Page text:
Natalie Baumgartner, chief workforce advisor at Achievers, says this desire for regular feedback is no surprise. Because this generation is used to real-time responses in their personal lives via social media and other electronic outlets, they should naturally want that mirrored in their professional lives.

She goes on to say that it’s not just the frequency of feedback that matters but “the sense of connectedness it offers.”

Feedback is not just about correcting flaws or issues. It is also about building relationships and engagement within your professional community. Forming those connections can help foster an overall sense of meaning and office culture.

5. Growth opportunities

Money is obviously important. Millennials have rent, groceries, gas, pet food and a daily coffee habit to pay for, after all. But money isn’t everything, and they know that. There are some things in a career that, while closely related, trump even a bigger paycheck—things like growth opportunities.

Like some of these values, this one isn’t exactly cornered by the millennial market. As someone relatively new to the job market, opportunities to learn and develop as a person and professional are key to feeling a future in any career.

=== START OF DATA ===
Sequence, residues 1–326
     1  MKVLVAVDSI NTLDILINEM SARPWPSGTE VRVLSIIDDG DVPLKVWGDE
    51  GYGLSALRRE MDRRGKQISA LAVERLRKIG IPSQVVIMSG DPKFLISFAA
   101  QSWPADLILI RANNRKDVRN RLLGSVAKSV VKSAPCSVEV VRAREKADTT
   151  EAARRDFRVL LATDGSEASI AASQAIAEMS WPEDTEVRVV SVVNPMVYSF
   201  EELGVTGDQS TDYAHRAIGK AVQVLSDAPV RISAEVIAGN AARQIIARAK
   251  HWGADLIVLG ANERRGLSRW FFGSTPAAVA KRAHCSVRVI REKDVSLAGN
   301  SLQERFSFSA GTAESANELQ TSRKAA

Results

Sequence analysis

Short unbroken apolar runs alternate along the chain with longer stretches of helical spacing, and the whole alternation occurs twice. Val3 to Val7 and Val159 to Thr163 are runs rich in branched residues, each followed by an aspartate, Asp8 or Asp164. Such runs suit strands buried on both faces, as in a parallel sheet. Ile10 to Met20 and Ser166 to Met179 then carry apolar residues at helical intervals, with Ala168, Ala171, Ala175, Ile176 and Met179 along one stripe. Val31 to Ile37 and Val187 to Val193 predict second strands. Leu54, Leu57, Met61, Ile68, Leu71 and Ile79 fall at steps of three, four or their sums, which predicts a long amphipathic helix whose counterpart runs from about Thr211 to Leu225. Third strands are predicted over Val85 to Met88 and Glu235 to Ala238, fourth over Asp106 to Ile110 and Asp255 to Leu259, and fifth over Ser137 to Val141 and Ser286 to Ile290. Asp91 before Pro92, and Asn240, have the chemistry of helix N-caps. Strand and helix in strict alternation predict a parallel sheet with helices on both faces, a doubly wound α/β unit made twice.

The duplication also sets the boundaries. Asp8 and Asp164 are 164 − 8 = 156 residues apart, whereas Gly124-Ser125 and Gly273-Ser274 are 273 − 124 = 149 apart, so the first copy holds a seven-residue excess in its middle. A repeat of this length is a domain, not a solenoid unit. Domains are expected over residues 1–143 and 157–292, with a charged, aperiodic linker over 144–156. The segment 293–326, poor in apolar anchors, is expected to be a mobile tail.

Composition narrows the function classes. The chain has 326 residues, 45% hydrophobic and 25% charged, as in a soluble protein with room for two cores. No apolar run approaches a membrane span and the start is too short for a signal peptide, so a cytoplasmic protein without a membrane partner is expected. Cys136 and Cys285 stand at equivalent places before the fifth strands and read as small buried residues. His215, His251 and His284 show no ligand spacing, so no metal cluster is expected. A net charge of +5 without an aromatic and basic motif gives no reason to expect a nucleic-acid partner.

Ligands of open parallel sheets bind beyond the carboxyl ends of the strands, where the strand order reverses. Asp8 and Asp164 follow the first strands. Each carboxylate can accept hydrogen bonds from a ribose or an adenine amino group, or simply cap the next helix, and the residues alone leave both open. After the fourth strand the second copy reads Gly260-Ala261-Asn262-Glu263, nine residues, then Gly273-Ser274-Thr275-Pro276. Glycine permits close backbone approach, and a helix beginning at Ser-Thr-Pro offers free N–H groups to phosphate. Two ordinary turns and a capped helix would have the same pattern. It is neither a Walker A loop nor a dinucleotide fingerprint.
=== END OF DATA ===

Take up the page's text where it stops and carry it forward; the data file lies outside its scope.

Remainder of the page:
Perhaps more specific to millennials, however, is their affinity for challenge and learning from failure. Rachel Cottam, content manager at ZipBooks, says, “Millennials are okay with taking risks and maybe even failing a little.” She reasons that millennials do not prioritize job loyalty or consistency as much as previous generations, saying they “aren’t afraid to change companies, positions, or even industries.” Overall, they are interested in learning opportunities and will go wherever they see that need being fulfilled—particularly if they see that as a path to advancement or higher earning potential.

Expect a career that helps you make a difference

As a young professional, it can be hard to ask for what you need, but as the workforce is evolving in the modern age, don’t be afraid to lean into the great changes your generation is making across all professions. Work isn’t just work anymore. It is an opportunity to grow as a person and make a real impact in the world.

To learn more about careers in which you can leave your mark, check out our article “7 Amazing Jobs that Let You Make a Difference in the World.”

1Pew Research Center, Millennials are the largest generation in the U.S. labor force, [accessed August 2019]
2Gallup, State of the American Workplace, [accessed August 2019]
3TriNet, Survey: Performance Reviews Drive One in Four Millennials to Search for a New Job or Call in Sick, [accessed August 2019]

About the author

Hannah Meinke

Hannah Meinke is a writer at Collegis Education. She enjoys helping people discover their purpose and passion by crafting education and career-related content on behalf of Rasmussen University.